Israel. Even Greece, France, Italy and Spain only adopted the wine grape in relatively recent times—but in Israel, the world's favorite juicy fruit is truly at home. For this is old Bible country, and according to at least one written document, wine was flowing here perhaps 4,000 years before Jesus was born, even if drunkenness was condemned. Today, 300 Israeli wineries collectively make 35 million bottles each year—enough wine to fill 53 Olympic-size swimming pools. The five appellations include Shomron, Samson, Judean Hills, Negev and, the most reputed of all, Galilee. Located in the northeast of Israel, the Galilee appellation includes two of the nation's best grape-growing regions, the Upper Galilee and the Golan Heights, where vineyards dwell at some 4,000 feet of elevation. Though the nation was once home to a variety of indigenous grapes, the era of Muslim rule, which began in 636 and continued in waves for several hundred years, squashed the local culture of winemaking, which came to a halt in the eight century. As this article tells the story, "Vines grew old and handsome on the plateaus of the Golan Heights and in the desert oases to the south, but they were not propagated; no loving hands cut and cloned the favored cultivars of the country. ... [H]eritage grapes melted into the wild. The genetic material remains in the wild grapes of the land, yet it is essentially lost." Oh well. The superstar French grapes would probably have taken center stage anyway, and today Cab, Pinot, Merlot and Syrah are alive and well in Israel's wine country. Want to take a tour? Go with a guide—or wend your own way. Tourist-friendly tasting destinations include Golan Heights, Tishbi and Carmel wineries.

Vineyards in Japan's Yamanashi Prefecture supply a growing thirst for local wine. Koshu is the main variety here, but European wine grapes have been widely planted. Photo courtesy of Flickr user wongbikchee.

Japan. Wine grapes were born in Asia Minor. Many varieties went west and assumed star status in France and Italy. A few wound up rooted in Muslim soils and were either relegated to raisin-making duties or destroyed entirely. And a few varieties went east. Of these, one traveled so far that it could travel no more, and it made itself at home in Japan: the Koshu grape. Eventually, this variety became the source of a traditional white sweet wine of the same name. Though the world's wine cognoscenti reviled Koshu for years as simple, sugary rotgut, wine connoisseurs have more recently decreed that, whoops, we were wrong—Koshu is actually good. It's an unlikely and abrupt turnaround—but it's true. Even the New York Times has reported that Japan's native wine is gaining a place at posh tasting bars and has become the cherished craft of a handful of Japanese wineries, each striving to create an export market for high-quality Koshu. But don't wait. Go get it at the source. In the Yamanashi Prefecture, south of Tokyo on the main island, you'll find Katsunuma Winery, Grace Winery and Chateau Lumiere. Each features a selection of table wines as well as some of Japan's most highly regarded Koshu.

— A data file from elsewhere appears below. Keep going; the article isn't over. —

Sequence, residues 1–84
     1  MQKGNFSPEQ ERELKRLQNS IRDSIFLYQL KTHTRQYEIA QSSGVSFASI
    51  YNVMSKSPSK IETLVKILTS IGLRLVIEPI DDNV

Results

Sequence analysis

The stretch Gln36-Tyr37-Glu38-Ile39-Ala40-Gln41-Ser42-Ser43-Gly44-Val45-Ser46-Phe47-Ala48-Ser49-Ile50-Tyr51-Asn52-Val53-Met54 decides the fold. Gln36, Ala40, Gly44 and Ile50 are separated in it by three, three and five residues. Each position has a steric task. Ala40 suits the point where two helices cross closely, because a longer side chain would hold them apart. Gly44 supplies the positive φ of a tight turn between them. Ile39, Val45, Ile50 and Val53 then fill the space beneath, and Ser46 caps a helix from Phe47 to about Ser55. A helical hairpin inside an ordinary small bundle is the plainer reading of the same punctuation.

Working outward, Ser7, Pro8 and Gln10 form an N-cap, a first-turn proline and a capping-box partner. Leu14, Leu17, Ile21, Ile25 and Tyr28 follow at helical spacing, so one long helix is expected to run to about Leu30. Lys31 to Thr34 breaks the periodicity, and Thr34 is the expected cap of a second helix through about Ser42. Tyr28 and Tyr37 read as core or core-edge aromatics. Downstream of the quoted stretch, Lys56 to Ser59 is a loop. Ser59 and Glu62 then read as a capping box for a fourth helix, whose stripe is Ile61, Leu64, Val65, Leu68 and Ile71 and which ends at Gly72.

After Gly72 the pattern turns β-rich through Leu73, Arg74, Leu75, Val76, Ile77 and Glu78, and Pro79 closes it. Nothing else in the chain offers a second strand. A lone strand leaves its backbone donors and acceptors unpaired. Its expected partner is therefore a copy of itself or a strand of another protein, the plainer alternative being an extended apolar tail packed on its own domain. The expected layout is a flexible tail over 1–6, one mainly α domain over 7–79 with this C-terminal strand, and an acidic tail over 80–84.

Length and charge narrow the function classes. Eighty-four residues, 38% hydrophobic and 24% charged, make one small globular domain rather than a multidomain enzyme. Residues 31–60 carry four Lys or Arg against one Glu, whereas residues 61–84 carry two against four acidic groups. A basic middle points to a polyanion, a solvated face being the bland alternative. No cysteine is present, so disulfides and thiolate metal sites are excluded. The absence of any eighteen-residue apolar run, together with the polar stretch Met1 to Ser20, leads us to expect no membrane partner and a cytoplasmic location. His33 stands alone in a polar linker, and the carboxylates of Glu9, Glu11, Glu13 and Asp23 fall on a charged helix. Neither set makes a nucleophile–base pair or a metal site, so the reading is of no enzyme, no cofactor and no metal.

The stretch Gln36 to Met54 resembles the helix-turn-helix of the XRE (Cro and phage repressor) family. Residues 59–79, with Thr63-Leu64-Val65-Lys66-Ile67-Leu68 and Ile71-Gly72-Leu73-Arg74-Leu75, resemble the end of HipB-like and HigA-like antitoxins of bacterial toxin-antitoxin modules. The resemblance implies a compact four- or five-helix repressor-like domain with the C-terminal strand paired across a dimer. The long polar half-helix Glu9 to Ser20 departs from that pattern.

More Wines from Weird Places: The Short List

England. In England, winemaking traditions have waxed and waned with natural climatic cycles, like the Little Ice Age and the Medieval Warm Period (a boom time for local wines). Now, temperatures in England's southwest have increased by about 3 degrees Fahrenheit since 1961—enough to allow a resurgence of production. Today, more than 400 wineries are in operation, and in this corner of the globe, the weather forecast is bright and sunny.

Morocco. The fermented juice of the grape is a forbidden pleasure for 98 percent of the mostly Muslim Moroccan population. Yet winemaking is legal in Morocco, and the wine is said to be perfectly good—though it takes a tourist with a keen nose to find it.

Thailand. Where Western winds blow, wine seems to grow. And in Thailand, touched in recent times by the strong influence of global tourism, several wineries have appeared in the past 15 years or so. Thai wine is made using both the local Pok Dum grape as well as classic varieties from Europe. This review says the Siam Winery Pok Dum wine carries notes of seaweed.


How High Can You Grow? Grapevines are marvelously adaptable and can grow from sea level to lands far, far above—but how far above? The Wine Institute of California has reported the Shadow Mountain Cabernet Sauvignon vineyard in San Diego County to be the state's highest, at 4,400 feet above sea level—but that's nothing. As reported above, Kenyan vineyards lie at 6,500 feet.  Wine grapes in Colorado are doing their business at up to 7,000 feet. But it's in the Andes where California-based wine star Donald Hess, of the Hess Collection, has ditched the competition in the valleys below. At Hess's Bodega Colomé in Argentina, wines are made from grapes grown as high as 10,200 feet above sea level in Argentina's Calchaqui Valley. These go unchallenged as the highest vineyards in the world.

In Argentina's Calchaqui Valley, this young vineyard is alive and well at just shy of 10,000 feet of elevation. Photo courtesy of the Hess Collection.